Immigrants are likeliest to be frontline workers amid coronavirus pandemic

The World
Bodega manager Rafael Perez wears a homemade face protector, fashioned from a water bottle, as he works in the Chinese Hispanic Grocery during the coronavirus disease (COVID-19) outbreak in New York City, New York, April 2, 2020.

Bodega manager Rafael Perez wears a homemade face protector, fashioned from a water bottle, as he works in the Chinese Hispanic Grocery during the coronavirus disease (COVID-19) outbreak in New York City, New York, April 2, 2020. 

Andrew Kelly/Reuters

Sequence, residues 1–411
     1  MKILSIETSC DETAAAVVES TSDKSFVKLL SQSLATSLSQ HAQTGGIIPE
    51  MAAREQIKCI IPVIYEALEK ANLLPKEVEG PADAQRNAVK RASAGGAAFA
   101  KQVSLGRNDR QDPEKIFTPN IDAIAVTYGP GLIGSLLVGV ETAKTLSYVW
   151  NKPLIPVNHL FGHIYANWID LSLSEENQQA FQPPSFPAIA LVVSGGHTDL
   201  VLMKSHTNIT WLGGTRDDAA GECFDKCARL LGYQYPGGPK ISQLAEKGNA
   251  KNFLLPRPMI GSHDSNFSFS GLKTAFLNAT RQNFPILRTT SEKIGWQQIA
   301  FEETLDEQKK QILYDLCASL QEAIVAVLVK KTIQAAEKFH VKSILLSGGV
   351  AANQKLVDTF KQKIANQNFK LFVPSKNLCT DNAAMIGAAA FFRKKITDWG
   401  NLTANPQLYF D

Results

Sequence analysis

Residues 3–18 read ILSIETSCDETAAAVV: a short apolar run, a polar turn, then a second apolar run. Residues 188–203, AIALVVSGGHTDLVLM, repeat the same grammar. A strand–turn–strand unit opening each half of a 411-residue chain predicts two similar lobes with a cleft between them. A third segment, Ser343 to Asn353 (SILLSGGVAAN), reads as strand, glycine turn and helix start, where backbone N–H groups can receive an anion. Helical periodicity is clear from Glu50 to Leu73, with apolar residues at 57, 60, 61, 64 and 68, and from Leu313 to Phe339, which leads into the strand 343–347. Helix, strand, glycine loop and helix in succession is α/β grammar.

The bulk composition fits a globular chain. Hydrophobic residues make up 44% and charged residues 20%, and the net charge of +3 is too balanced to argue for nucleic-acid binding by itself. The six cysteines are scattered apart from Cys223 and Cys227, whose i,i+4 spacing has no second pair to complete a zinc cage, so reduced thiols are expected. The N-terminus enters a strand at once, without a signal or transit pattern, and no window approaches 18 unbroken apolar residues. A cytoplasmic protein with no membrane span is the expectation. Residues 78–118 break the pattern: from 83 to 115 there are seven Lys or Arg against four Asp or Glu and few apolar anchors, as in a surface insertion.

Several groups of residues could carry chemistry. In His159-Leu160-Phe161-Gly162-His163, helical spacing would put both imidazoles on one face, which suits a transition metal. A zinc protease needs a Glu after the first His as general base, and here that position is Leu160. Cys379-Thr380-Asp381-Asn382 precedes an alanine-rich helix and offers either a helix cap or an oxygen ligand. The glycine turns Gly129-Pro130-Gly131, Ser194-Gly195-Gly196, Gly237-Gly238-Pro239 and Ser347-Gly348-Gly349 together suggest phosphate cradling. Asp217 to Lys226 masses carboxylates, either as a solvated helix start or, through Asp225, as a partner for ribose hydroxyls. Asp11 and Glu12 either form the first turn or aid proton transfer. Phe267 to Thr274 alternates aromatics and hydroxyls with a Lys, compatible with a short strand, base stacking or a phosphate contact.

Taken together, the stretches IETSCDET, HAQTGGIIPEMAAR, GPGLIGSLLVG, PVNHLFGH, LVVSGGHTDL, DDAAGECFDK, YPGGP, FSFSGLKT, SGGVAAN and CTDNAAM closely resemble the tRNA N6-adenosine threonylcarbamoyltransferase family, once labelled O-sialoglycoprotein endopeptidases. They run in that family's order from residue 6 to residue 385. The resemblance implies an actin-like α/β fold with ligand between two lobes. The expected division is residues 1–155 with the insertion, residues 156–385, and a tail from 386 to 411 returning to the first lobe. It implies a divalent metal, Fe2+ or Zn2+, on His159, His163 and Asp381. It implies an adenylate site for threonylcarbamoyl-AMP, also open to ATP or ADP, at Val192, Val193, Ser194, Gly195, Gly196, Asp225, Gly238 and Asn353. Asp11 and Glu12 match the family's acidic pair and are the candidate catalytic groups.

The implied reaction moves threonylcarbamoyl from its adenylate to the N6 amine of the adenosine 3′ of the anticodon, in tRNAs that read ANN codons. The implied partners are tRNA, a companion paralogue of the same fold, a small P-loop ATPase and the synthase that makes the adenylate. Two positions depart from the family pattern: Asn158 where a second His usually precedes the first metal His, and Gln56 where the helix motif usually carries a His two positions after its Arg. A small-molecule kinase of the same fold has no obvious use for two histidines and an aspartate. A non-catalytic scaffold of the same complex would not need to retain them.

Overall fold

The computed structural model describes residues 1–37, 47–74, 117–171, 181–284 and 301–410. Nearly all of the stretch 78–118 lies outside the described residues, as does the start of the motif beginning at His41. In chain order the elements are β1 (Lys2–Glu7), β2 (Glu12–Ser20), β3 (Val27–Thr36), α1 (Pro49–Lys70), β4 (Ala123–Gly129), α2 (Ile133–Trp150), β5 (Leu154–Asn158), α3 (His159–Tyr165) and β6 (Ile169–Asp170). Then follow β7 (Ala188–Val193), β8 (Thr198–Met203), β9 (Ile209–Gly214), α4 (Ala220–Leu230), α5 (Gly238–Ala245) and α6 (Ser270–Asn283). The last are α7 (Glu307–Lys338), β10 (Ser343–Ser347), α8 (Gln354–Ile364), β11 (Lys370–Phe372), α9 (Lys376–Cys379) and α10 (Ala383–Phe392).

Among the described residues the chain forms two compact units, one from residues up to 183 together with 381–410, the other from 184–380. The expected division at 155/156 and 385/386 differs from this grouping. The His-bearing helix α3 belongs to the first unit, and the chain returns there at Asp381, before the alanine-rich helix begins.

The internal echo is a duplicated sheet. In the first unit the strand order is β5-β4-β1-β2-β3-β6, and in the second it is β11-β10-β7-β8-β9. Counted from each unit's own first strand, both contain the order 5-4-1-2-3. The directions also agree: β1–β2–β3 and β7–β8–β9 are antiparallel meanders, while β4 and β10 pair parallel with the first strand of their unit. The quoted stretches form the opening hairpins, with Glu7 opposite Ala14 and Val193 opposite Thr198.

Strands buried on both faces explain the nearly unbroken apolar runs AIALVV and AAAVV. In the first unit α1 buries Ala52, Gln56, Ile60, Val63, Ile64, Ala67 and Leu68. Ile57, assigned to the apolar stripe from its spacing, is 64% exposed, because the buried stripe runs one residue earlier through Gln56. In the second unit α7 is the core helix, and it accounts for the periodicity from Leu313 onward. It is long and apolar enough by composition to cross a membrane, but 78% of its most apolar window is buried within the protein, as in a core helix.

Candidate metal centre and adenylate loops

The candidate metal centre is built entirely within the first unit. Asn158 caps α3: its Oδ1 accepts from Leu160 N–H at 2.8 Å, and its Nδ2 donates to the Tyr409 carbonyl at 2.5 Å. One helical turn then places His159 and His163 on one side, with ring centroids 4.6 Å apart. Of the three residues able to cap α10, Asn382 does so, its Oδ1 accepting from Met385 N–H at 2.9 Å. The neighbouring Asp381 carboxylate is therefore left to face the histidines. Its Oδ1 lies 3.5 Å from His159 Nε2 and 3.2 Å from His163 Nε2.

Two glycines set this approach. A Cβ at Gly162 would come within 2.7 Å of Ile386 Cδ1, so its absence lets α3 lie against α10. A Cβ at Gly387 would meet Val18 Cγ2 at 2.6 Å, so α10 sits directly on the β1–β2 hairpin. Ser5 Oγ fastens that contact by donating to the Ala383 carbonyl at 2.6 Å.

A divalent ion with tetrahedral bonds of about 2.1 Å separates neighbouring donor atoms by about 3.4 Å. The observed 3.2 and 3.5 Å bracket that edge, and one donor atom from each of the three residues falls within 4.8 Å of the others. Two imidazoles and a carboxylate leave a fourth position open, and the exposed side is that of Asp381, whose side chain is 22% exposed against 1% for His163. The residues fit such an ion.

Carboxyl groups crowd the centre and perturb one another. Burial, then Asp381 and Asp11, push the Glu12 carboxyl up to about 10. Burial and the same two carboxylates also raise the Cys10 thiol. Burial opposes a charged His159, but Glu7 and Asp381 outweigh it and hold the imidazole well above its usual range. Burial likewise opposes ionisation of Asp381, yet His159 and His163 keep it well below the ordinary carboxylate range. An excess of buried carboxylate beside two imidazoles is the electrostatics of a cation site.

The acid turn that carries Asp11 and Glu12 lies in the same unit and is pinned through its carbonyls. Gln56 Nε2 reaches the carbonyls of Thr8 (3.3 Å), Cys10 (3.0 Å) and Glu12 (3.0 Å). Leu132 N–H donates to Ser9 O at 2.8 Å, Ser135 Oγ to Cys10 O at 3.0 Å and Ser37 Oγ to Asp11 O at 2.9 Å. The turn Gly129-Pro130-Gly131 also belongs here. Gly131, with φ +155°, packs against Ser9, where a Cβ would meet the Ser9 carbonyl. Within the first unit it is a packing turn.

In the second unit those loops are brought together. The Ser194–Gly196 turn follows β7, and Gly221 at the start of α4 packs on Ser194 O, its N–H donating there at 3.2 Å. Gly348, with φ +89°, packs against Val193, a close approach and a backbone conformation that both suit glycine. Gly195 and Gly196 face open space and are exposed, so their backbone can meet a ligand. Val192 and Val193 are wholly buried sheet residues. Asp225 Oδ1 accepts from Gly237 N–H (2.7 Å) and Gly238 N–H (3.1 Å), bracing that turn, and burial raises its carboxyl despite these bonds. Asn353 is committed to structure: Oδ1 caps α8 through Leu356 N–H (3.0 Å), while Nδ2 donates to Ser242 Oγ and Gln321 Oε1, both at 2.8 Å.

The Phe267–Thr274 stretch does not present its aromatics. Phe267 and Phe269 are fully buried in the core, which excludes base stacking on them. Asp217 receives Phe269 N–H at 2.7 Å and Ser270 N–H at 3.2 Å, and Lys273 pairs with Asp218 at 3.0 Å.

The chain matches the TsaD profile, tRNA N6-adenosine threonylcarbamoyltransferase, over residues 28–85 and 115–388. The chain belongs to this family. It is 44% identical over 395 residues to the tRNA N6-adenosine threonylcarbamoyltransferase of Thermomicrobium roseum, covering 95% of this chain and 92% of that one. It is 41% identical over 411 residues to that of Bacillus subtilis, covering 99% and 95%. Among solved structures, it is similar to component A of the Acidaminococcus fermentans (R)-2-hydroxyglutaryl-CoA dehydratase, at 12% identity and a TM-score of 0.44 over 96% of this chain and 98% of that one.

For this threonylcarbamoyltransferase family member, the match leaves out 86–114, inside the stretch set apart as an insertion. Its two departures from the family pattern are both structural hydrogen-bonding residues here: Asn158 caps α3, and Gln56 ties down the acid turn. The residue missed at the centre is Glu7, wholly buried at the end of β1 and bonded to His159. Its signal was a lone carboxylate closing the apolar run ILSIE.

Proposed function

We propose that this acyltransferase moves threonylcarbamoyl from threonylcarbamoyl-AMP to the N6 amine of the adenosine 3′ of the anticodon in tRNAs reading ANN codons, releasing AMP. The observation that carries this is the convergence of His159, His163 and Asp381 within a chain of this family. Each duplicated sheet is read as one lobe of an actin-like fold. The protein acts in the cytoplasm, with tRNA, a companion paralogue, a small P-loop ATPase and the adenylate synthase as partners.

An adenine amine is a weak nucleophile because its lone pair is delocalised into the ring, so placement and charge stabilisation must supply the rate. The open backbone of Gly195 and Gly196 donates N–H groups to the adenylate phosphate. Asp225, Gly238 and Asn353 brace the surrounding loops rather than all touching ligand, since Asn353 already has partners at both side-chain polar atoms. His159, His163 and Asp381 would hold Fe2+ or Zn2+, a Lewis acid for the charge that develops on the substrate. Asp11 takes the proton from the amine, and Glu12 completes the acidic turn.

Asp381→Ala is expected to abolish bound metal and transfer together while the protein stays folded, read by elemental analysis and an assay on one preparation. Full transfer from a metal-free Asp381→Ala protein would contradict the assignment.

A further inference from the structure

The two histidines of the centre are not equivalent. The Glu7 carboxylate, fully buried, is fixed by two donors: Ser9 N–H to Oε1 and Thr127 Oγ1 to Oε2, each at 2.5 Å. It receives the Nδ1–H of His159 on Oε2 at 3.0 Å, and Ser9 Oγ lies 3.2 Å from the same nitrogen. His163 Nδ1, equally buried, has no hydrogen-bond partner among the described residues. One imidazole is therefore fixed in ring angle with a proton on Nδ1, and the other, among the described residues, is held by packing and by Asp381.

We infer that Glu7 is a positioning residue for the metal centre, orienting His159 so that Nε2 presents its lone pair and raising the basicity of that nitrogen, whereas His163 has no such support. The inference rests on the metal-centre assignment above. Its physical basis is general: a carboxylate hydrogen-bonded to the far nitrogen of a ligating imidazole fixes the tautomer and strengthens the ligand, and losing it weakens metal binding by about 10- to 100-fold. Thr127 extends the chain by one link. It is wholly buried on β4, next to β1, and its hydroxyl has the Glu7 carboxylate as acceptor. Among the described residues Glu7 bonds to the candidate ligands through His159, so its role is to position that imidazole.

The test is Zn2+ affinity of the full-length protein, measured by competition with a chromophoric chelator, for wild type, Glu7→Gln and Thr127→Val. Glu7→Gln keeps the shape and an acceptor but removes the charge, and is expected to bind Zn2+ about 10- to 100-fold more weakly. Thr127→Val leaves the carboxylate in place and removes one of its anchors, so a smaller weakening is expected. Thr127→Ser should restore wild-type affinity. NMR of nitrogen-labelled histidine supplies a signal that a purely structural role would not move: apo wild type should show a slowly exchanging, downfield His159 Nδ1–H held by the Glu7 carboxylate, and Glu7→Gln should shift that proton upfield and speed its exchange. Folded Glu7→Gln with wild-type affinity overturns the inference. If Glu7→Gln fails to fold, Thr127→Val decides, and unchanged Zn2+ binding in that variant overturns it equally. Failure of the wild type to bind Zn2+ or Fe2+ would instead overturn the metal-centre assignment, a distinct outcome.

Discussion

Hassan Akkad is a BAFTA award-winning documentary filmmaker who filmed his journey as a Syrian refugee traversing Europe. But when the coronavirus hit London, where he lives, he decided to take on a new role: hospital cleaner. And in Mexico, radio stations in Indigenous communities are trying to fill critical coronavirus information gaps. In New York, bodega workers say they face shortages of face masks, gloves and hand sanitizers even as they work on the front lines of serving their communities. And scientists have found the coronavirus in human sewage, which means that the virus can multiply in the human gut. Host Marco Werman speaks with Gertjan Medema, a professor at the KWR Water Research Institute in the Netherlands, about the implications of this finding. 


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